in a house sufficient for the same number of little
girls."
Oh! but, papa, I don't often play on this one,
mamma is afraid I might spoil it, and really that old
thing in the school-room is too horrid. Why, all the
notes are dumb !"







The Old School-room Piano. 7


All the notes! then how could you manage to make
the noise I heard this afternoon ?"
Oh, papa, I thought you were out," said Alice, with
wide-open eyes.
Well, never mind what I heard: how could you
play if all the keys were dumb ?"
"Oh, well, papa! you know I didn't mean all-
quite-only some."
I like to be able to take my little daughter at her
word," said Mr. Carew, gravely. Come, tell me how
many notes there are dumb ?"
Well, papa, there's that horrid C, the third space in
the treble, and A sharp above the line, and the lowest
F in the bass."
"Is that all ?"
"Yes, papa."
Well ?"
"Can't you get us a new one?"
No, Alice, I cannot, I really cannot, at least not yet;
but don't you think your hard usage may have struck
the keys dumb ?"
Alice hung her head.
I do not like to hear the poor piano abused, my
child; it has done good service some time. Its maker's
name is an excellent one, and though old it is a Broad-
wood still: you would not think of hating or making
game of old Jemmy Lowe because he is bent doublewith
rheumatism, and has no teeth, and wheezes so fear-
fully."
"Oh no, no but then he is a man ; that's different;
and we know he has worked and had some one to love
him once: I don't see how the old school-room piano
can be like him."







8 The Old School-room Piano.


"No, not quite, certainly," said her father; but if it
could speak it would tell you marvellous things and
touching sights it has witnessed, such as you would
little dream of; and for the pleasure it has assuredly
given to some one, speak of it kindly, my child, and
learn patience from the dumb notes that once were
sweet enough. I should not like," he continued, "to
think if I should live to grow old and be infirm, that
you would forget I once was active, and in your for-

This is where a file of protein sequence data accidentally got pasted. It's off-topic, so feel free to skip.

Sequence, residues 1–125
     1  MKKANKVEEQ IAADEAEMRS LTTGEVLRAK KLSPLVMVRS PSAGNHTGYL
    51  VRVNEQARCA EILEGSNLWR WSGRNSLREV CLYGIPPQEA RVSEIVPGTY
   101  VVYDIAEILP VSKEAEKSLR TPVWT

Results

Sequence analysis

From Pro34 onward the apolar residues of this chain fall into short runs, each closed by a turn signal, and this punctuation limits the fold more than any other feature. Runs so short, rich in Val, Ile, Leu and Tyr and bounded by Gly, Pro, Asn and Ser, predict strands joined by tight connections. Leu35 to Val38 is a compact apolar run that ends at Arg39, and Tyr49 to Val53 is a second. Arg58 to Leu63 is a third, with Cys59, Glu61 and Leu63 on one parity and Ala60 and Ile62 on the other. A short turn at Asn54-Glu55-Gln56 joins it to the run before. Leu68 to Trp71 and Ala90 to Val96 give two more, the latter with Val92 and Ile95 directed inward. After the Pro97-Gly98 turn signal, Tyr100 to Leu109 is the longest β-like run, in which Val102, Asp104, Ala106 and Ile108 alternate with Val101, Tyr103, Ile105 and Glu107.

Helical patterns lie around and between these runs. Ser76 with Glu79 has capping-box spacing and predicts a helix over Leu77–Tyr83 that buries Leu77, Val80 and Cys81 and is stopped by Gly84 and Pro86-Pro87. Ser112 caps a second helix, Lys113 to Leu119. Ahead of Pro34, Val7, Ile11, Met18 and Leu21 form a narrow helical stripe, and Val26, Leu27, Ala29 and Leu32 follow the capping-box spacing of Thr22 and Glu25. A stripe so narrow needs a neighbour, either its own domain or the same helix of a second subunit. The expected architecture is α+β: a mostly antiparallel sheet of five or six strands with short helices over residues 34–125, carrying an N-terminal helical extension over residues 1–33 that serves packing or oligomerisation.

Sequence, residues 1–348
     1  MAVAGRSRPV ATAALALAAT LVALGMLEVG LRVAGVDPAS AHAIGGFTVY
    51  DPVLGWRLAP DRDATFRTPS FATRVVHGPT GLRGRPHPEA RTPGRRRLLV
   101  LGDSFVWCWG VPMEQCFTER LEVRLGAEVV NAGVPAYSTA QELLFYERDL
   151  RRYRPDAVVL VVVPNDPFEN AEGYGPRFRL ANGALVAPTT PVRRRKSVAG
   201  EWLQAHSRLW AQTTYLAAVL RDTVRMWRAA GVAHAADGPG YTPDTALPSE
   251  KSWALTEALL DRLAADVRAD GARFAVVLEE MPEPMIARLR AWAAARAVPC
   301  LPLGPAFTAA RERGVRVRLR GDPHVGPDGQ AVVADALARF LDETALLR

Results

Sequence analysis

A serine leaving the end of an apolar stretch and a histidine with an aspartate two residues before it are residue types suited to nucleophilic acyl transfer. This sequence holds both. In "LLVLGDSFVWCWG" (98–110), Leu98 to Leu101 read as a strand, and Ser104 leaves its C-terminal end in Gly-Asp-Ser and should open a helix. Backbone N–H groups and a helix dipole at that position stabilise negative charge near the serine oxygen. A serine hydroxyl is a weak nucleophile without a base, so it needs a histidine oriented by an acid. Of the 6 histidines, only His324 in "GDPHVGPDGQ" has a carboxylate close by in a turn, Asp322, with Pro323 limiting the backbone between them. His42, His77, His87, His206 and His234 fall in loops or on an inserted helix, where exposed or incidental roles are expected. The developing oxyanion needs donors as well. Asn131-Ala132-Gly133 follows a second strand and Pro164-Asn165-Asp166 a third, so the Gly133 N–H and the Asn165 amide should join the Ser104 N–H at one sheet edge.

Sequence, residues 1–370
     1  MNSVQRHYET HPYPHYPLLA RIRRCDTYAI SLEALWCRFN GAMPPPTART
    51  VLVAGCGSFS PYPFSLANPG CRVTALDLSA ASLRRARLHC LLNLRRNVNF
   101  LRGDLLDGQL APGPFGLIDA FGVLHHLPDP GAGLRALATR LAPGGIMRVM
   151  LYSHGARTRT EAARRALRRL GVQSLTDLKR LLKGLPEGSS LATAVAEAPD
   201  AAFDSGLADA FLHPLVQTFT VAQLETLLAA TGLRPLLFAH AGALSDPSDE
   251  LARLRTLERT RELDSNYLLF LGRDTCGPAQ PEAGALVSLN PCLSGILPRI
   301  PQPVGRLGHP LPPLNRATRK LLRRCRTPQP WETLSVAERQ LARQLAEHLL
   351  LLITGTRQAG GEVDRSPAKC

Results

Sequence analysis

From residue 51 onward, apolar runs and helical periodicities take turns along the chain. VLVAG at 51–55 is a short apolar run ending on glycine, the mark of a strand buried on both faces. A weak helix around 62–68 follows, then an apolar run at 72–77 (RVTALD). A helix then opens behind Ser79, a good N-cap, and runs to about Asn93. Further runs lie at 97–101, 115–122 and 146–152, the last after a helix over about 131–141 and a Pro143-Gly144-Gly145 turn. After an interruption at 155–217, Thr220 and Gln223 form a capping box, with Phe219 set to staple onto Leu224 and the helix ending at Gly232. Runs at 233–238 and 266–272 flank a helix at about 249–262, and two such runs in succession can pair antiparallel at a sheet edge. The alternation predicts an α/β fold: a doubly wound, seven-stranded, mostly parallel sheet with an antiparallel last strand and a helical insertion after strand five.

getfulness grumble at serving me."
Oh, please don't say any more, please don't, papa!
I am very sorry, I am indeed !" the tears were coming,
and Mr. Care did not check them. By and by Alice
raised her head. "Papa, I wont grumble about it any
more, indeed I wont; I'm very sorry."
Mr. Carew kissed the sad little face, and stroked the
fair head on his shoulder, and presently when bed-time
came, and Miss Thompson went to see Alice safe for,
the night, she threw her arms round Miss Thompson's
neck, and said humbly, I wont be cross about prac-
tising any more, Miss Thompson, I wont indeed!"
Towards morning the little girl had a strange dream,
and I think we shall better understand it if we go into
dreamland with her.
She fancied she was practising in the school-room,
and banging the keys in anger because they were out of
tune, when suddenly the whole keyboard raised its
voice at once, and in a tone of remonstrance said, "If
you will keep quiet, I will tell you a story." Alice
obeyed. Once upon a time," the piano began, thirty
years ago, I was quite young, and though I say it, I was
very good-looking, not to say quite pretty, because my
dress, though of the brightest rosewood, was plain,







The Old School-room Piano. 9


and only relieved by some rich crimson' silk placed
before me in neat folds."
That old faded stuff!" thought Alice, but she kept
silence.
I was in a long, wide hall; numbers of pianos were
there too. Grand pianos, square pianos, cottage pianos,
and cabinets like myself. I spent some months there
very quietly, being always well attended to, covered at
night and well dusted in the morning. 'Tis true I was
occasionally put to torture by customers, who wanted
to try before buying-and very trying they were some-
times to my nerves and those of my companions. But
one day a gentleman and lady came, and I thought I
never had seen two more charming people. He seemed